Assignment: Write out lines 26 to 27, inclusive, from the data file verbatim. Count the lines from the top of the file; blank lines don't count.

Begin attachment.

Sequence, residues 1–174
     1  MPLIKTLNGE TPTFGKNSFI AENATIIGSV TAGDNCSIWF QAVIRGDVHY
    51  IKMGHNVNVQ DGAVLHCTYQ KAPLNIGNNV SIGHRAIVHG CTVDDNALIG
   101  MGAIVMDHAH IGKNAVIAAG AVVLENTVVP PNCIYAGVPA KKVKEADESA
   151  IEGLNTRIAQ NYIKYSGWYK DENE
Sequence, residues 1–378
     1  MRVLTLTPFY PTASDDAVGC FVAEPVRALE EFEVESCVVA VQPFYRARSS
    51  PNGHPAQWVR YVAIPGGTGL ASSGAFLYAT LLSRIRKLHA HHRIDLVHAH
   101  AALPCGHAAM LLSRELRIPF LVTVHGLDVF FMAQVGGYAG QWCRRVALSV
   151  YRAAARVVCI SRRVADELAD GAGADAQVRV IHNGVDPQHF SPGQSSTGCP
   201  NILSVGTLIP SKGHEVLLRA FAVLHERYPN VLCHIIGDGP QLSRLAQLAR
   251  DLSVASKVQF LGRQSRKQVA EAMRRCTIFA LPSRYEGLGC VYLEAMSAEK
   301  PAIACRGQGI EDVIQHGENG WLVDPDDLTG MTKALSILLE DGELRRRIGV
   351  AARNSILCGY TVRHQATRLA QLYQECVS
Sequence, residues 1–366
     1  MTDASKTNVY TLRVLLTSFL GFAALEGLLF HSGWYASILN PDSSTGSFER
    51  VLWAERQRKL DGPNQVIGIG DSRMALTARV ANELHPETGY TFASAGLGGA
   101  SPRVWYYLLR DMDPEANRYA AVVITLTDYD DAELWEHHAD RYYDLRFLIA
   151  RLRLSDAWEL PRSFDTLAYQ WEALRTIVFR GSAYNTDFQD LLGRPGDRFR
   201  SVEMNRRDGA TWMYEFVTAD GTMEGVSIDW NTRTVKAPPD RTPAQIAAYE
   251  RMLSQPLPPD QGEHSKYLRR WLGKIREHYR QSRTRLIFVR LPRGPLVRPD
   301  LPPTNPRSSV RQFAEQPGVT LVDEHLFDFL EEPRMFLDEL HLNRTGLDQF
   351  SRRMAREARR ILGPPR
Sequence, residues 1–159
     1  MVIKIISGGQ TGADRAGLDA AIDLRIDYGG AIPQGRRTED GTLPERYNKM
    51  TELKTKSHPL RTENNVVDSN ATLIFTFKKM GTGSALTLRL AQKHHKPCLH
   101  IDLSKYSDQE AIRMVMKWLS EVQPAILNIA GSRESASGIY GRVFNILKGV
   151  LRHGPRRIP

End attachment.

    51  TELKTKSHPL RTENNVVDSN ATLIFTFKKM GTGSALTLRL AQKHHKPCLH
   101  IDLSKYSDQE AIRMVMKWLS EVQPAILNIA GSRESASGIY GRVFNILKGV